DE: evaluation order: can use computed property name, evaluated top-down with the others. There are several passes over the class. One computes property name, second computes decorators, final computes static field decoration(?) initializers, must be at end otherwise class is in TDZ)

DE: initializers evaluated just once

DE: edge case of the semantics, Set() on the prototype chain (see slides). This is just how prototype chains work, would be weird to change it. Making it not a data property would make Object.freeze not work.

WH: we explicitly made instance properties not do this (in classes)

DE: in classes, own properties are defined as ..

WH: in classes if you have an inheritance chain, every level gets to define own properties on the same object

WH: we'll talk later

DE: similar situation with object literals. So we decided regularity/consistency is more important than creating a special case for this.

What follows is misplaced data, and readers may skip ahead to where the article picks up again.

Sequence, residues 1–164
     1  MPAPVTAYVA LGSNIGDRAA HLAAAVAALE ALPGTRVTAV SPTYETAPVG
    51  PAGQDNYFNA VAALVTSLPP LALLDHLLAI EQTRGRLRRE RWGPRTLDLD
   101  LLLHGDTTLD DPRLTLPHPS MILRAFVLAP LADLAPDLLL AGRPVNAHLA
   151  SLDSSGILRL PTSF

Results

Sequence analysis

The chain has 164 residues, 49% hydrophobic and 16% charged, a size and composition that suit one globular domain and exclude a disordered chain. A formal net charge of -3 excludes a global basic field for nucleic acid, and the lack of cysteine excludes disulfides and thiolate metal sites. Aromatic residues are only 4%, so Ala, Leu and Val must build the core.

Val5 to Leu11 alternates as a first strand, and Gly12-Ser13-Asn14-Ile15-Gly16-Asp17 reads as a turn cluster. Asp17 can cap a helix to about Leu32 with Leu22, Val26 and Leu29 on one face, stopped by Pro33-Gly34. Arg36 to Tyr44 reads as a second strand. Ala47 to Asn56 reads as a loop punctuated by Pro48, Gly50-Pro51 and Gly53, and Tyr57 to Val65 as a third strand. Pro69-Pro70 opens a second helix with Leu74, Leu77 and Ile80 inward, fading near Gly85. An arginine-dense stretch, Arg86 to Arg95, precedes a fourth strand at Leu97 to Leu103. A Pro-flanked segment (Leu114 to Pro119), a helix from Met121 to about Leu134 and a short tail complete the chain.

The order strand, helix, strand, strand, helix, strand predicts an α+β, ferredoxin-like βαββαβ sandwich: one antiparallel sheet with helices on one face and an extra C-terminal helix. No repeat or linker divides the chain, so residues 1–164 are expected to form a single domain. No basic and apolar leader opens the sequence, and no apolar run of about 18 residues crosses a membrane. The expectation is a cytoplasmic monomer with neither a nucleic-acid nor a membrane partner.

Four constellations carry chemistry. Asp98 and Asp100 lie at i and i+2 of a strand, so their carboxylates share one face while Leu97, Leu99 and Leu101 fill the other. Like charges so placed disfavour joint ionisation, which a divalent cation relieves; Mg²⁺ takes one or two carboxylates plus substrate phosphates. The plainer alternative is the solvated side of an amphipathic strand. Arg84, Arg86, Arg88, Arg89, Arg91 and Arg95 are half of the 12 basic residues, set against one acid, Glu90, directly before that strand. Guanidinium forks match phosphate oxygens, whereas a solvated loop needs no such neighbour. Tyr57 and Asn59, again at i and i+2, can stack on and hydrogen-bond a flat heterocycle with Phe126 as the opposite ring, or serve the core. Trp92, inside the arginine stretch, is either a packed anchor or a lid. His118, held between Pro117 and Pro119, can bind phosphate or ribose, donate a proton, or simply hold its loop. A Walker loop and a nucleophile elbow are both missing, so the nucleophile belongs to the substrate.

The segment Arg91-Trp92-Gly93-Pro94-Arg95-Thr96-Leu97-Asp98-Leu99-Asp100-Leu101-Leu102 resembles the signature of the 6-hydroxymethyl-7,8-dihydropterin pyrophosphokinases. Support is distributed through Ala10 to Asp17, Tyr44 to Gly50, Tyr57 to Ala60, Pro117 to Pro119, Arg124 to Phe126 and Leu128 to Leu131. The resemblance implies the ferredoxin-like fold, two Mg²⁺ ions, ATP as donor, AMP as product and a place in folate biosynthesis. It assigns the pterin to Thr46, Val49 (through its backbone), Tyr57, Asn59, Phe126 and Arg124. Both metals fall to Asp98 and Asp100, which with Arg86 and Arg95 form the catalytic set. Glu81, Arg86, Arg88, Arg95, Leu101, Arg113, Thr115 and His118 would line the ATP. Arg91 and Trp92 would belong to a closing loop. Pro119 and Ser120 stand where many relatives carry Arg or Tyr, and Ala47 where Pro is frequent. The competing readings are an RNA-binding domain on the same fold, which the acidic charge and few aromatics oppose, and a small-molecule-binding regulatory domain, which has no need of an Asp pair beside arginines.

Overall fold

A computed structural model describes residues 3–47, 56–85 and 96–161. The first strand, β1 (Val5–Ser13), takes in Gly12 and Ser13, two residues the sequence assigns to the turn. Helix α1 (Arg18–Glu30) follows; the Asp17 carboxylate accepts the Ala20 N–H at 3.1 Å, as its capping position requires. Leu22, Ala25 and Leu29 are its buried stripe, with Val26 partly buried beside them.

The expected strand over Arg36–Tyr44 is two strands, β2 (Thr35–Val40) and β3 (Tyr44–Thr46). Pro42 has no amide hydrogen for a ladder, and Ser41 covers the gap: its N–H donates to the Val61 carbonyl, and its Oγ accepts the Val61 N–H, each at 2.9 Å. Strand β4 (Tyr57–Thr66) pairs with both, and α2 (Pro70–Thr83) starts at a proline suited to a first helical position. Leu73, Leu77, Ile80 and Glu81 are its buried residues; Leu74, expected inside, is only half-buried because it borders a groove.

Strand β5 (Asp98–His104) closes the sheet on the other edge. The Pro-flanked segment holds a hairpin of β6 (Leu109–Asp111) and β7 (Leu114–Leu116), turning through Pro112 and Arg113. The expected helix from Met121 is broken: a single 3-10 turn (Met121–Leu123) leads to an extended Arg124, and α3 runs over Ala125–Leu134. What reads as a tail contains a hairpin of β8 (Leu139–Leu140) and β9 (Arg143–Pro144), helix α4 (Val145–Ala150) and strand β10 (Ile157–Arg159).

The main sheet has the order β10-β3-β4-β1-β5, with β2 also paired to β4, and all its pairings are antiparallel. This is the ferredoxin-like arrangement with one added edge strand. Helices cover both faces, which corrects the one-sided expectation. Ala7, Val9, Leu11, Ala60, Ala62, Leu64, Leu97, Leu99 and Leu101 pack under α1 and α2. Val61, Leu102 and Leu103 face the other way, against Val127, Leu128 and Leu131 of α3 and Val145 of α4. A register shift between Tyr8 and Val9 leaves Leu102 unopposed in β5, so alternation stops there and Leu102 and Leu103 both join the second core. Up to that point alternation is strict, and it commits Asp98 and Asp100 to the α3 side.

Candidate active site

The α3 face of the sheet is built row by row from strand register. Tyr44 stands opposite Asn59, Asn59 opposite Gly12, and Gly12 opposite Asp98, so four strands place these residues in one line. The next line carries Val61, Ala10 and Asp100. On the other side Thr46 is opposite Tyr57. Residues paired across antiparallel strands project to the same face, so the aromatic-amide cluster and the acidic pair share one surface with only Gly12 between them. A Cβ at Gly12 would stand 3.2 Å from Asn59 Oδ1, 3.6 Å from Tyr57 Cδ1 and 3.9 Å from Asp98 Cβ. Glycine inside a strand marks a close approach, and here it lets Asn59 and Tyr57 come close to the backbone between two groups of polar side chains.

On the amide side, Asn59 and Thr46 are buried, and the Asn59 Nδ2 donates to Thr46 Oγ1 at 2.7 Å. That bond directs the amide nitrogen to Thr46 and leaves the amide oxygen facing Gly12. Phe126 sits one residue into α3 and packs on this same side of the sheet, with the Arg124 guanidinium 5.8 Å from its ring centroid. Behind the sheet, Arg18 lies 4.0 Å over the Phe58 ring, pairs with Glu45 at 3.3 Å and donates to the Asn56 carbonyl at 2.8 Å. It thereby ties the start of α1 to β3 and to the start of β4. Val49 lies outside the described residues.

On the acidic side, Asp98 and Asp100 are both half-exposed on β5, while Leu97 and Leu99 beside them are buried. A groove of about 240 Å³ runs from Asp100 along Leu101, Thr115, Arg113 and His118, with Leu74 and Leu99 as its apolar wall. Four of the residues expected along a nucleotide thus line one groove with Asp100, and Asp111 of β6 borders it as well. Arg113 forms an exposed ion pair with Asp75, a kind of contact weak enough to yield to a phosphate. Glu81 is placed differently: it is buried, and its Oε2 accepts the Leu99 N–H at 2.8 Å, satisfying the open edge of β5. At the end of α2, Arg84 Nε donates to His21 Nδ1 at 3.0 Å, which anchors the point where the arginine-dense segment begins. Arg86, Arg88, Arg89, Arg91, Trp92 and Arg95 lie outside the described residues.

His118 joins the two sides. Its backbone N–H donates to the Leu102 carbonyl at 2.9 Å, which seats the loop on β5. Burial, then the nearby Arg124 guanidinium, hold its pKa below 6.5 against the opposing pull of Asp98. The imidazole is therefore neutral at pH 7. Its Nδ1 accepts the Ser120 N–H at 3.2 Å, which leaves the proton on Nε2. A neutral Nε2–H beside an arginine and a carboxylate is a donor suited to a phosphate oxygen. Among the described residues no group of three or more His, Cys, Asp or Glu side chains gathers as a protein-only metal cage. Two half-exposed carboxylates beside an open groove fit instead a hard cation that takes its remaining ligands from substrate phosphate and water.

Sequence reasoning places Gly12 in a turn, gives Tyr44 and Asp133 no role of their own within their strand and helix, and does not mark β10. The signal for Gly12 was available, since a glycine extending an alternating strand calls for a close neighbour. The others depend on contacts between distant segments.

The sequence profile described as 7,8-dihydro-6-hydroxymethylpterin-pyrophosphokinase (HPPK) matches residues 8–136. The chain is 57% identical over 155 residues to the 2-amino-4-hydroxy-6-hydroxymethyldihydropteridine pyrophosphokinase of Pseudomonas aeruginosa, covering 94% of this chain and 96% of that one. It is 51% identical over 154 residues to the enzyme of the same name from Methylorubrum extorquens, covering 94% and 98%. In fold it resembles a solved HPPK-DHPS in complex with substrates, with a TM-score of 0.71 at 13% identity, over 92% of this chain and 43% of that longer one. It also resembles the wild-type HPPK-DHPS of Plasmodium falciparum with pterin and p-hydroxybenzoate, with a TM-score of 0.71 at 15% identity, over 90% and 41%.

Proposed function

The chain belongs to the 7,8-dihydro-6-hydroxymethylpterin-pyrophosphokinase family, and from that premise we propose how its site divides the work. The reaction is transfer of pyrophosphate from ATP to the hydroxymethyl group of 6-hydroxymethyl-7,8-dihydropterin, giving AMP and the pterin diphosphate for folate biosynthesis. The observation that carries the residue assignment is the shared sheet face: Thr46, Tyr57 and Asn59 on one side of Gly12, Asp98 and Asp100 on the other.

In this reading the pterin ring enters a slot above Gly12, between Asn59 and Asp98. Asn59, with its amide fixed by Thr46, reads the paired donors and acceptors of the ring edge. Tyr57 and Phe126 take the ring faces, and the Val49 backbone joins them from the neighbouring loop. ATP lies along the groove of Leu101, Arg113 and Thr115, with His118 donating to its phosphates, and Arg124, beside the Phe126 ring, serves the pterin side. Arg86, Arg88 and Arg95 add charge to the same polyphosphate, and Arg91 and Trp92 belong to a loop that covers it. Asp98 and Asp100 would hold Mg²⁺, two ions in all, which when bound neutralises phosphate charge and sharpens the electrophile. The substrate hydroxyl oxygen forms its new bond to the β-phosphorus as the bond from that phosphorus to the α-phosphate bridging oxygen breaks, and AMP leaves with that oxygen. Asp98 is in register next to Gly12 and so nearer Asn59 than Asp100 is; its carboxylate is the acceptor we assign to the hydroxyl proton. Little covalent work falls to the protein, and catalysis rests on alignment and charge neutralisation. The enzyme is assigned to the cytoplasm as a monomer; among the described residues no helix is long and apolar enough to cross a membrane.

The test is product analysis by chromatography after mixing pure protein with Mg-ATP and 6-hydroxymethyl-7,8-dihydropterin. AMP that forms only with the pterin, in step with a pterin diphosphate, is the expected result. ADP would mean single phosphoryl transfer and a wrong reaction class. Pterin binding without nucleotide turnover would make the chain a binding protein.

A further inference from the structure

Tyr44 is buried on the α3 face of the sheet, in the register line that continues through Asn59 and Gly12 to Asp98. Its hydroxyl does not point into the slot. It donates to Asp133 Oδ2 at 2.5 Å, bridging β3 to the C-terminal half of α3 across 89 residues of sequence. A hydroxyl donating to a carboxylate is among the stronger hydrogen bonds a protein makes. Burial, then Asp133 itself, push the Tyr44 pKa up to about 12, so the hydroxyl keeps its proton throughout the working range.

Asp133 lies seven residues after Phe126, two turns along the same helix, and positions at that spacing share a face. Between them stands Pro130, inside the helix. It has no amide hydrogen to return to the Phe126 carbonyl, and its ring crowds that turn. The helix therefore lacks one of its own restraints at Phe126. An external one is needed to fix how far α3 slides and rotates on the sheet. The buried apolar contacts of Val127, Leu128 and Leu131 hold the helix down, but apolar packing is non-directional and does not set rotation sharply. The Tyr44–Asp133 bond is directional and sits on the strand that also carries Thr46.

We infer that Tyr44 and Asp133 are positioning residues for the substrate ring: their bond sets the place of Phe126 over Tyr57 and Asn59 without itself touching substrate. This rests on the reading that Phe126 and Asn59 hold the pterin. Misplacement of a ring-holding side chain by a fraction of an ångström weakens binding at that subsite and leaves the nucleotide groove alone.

DE: replacing "static private" with lexical declarations in class bodies. DD's refactoring example (see slides). Using "function" would be confusing, if there's a different token that'd be more clear.

WH: could remove function from that example, use local finalizeFactoryCreated(..)

DE: might want to have local generator, async, or local other things

WH: but you already have the same issue with static and instance properties. For example, just above on the slide you have static async fromFile(...) {...} which doesn't use a function keyword.

DE: hazard of static private (from justin ridgewell). discussed several alternatives at the last meeting, then more since, haven't found any that seem to satisfy everybody. But lexically scoped declarations in class bodies seem to satisfy the use case.

DE: semantic details. local keyword makes it clear this isn't a method, not on the prototype. If you want to bikeshed about the keyword, add to the bug.

DE: scoping: (see slide)

DE: also supports async functions, generators, async generators. Function is created at the beginning of the scope (start of curly-bracket), so no ReferenceErrors

DE: one question, should we allow let/const/class declarations in class bodies? Have plausible use cases. Details of execution order, what scopes they get. We leave out var (not block scoped). Disallow other kinds of statements, would make things complicated. Proposal: don't yet add any of these.